Although their excellent safety profile makes them appealing for patients at high risk of adverse drug events, enthusiasm waned after results of clinical trial demonstrated no significant clinical response to glucosamine alone, chondroitin alone, or combination therapy when compared to placebo. glucosamine sulfate 1,500 mg/day and chondroitin sulfate 1,200 mg/day in divided doses.
Glucosamine adverse effects are mild and include GI gas, bloating, and cramps; it should not be used in patients with shellfish allergies. The most common adverse effect of chondroitin is nausea.
Systemic corticosteroid therapy is not recommended in OA, given the lack of proven benefit and the well-known adverse effects with long-term use.
Intraarticular corticosteroid injections can provide relief, particularly when a joint effusion is present. Average doses for injection of large joints in adults are methylprednisolone
acetate 20 to 40 mg or triamcinolone hexacetonide 10 to 20 mg. After aseptic aspiration of the effusion and
corticosteroid injection, initial pain relief may occur within 24 to 72 hours, with peak relief occurring in about 1 week and lasting for 4 to 8 weeks. The patient should minimize joint activity and stress on the joint for several days after the injection. Therapy is generally limited to three or four injections per year because of the potential systemic effects of the drugs and because the need for more frequent injections indicates poor response to therapy.
High-molecular-weight hyaluronic acid is a constituent of normal cartilage that provides lubrication with motion and shock absorbency during rapid movements. Hyaluronic acid injections temporarily and modestly increase synovial fluid viscosity and were reported to decrease pain, but many studies were short term and poorly controlled with high placebo response rates.
4 intraarticular hyaluronic acid preparations are available for treating pain associated with OA of the knee: sodium hyaluronate.
Injections are well tolerated, but acute joint swelling and local skin reactions (e.g., rash, ecchymoses, or pruritus) have been reported.
These products may be beneficial for OA of the knee that is unresponsive to other therapy, but they are expensive because treatment includes both drug and administration costs.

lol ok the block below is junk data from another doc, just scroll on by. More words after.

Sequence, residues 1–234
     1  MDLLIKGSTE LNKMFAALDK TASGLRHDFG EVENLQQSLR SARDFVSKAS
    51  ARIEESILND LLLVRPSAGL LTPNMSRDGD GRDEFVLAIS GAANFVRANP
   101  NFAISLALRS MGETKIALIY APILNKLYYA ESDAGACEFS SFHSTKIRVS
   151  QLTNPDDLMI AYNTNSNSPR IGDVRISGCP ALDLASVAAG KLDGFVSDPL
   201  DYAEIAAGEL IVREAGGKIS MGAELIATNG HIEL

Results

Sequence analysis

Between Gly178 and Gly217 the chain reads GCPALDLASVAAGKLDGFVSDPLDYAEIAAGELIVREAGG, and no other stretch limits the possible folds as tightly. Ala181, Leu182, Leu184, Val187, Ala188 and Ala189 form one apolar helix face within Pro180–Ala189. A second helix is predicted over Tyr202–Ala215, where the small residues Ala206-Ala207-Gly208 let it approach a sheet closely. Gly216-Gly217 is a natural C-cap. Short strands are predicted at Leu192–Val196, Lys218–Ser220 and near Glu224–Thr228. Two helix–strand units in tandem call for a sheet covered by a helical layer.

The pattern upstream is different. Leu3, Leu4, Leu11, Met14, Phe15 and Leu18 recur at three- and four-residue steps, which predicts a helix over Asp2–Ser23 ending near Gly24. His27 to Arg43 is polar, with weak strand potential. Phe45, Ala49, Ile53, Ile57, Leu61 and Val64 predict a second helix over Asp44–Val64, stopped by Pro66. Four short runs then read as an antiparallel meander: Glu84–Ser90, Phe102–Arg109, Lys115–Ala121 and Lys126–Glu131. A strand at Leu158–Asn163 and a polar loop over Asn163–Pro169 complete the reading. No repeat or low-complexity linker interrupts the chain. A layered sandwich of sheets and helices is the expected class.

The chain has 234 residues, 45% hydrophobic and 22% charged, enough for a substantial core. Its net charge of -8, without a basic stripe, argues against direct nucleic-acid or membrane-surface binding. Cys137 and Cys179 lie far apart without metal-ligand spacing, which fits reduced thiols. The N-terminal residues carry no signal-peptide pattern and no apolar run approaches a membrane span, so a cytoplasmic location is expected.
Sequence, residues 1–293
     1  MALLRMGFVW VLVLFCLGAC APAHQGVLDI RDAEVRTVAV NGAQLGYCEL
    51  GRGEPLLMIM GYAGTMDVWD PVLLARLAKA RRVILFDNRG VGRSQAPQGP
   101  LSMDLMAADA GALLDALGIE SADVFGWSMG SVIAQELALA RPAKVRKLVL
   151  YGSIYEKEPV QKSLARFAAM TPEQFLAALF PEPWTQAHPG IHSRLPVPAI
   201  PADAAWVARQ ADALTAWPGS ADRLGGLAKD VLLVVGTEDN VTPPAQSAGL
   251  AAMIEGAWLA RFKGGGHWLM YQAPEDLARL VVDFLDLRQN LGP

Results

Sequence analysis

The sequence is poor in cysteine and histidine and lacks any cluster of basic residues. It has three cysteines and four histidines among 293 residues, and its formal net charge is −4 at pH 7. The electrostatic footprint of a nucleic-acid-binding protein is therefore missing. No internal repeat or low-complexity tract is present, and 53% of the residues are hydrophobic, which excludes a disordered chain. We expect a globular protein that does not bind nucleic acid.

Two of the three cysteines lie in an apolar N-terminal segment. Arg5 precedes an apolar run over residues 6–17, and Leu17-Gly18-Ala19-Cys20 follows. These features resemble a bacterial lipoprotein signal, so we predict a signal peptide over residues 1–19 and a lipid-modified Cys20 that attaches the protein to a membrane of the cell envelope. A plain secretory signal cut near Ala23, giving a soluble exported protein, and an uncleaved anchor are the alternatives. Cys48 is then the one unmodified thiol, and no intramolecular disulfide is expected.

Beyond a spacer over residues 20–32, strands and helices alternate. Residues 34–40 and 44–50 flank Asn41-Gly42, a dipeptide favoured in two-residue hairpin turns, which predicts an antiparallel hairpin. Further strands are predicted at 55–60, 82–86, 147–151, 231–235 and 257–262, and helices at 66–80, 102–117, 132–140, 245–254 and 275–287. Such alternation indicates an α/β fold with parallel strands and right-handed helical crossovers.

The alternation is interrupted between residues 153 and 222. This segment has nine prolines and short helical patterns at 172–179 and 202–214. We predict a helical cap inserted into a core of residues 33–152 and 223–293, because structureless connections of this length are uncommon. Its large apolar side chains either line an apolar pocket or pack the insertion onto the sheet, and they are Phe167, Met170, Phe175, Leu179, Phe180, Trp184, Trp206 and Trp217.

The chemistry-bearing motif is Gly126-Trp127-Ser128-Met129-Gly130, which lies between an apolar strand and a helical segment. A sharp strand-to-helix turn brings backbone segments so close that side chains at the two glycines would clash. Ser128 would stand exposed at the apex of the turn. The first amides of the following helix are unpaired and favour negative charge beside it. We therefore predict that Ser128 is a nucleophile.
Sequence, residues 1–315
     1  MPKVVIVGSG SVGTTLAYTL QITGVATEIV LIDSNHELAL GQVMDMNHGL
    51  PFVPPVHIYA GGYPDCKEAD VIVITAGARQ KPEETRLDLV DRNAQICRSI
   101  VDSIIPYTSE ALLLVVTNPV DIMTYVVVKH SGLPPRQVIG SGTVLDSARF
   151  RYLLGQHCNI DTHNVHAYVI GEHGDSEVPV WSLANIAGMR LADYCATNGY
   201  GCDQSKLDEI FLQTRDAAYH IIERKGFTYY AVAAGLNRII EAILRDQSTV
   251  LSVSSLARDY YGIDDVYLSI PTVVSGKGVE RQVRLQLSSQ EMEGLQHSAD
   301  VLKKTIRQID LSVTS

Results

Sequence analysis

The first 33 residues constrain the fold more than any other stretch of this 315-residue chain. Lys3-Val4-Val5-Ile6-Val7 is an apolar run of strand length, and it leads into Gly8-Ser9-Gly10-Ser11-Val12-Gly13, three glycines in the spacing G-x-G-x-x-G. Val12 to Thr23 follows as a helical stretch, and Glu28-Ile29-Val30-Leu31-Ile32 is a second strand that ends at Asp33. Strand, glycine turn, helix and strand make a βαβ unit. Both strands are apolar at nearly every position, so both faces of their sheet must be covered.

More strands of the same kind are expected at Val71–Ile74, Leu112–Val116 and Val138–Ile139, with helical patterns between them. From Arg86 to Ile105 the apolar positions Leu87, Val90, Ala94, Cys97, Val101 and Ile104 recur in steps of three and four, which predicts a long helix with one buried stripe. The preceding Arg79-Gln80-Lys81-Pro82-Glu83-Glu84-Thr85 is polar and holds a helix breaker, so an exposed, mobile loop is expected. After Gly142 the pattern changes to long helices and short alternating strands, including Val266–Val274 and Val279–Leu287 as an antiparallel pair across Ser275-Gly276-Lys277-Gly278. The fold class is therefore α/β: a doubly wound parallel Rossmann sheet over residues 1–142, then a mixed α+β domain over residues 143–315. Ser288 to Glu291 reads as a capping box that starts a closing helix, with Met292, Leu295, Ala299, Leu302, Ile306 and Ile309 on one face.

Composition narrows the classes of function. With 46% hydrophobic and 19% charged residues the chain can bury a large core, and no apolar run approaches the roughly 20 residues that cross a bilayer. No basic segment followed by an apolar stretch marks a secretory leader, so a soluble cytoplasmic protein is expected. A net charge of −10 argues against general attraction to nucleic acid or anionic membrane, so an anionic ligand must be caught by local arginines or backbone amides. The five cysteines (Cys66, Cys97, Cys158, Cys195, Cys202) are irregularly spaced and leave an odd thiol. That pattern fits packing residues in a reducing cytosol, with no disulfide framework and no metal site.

Low-dose opioid analgesics (e.g., oxycodone) may be useful for patients who experience no relief with acetaminophen, NSAIDs, intraarticular injections, or topical therapy.
They are particularly useful in patients who cannot take NSAIDs because of renal failure, or for patients in whom all other treatment options have failed and who are at high surgical risk, precluding joint arthroplasty.
Low-dose opioids should be used initially, usually in combination with acetaminophen. Sustained-release compounds usually offer better pain con
Tramadol with or without acetaminophen has modest analgesic effects in patients with OA. It may also be effective as add-on therapy in patients taking concomitant NSAIDs or COX-2 selective inhibitors. As with opioids, tramadol may be helpful for patients who cannot take NSAIDs or COX-2 selective inhibitors.
Tramadol should be initiated at a lower dose (100 mg/day in divided doses) and may be titrated as needed for pain control to a dose of 200 mg/day. It is available in a combination tablet with acetaminophen and as a sustained-release tablet.
Opioid-like adverse effects such as nausea, vomiting, dizziness, constipation, headache, and somnolence are common.
Evaluation of therapeutic outcome
To monitor efficacy, the patient’s baseline pain can be assessed with a visual analog scale, and range of motion for affected joints can be assessed with flexion, extension, abduction, or adduction.
Depending on the joint affected, measurement of grip strength and 50-feet walking time can help assess hand and hip/knee OA, respectively.
Baseline radiographs can document the extent of joint involvement and follow disease progression with therapy.
Other measures include the clinician’s global assessment based on the patient’s history of activities and limitations caused by OA, the Western Ontario and McMaster Universities Arthrosis Index, Stanford Health Assessment Questionnaire, and documentation of analgesic or NSAID use.
Patients should be asked if they are having adverse effects from their medications. They should also be monitored for any signs of drug-related effects, such as skin rash, headaches, drowsiness, weight gain, or hypertension from NSAIDs.
Baseline serum creatinine, hematology profiles, and serum transaminases with repeat levels at 6- to 12-month intervals are useful in identifying specific toxicities to the kidney, liver, GI tract, or bone marrow.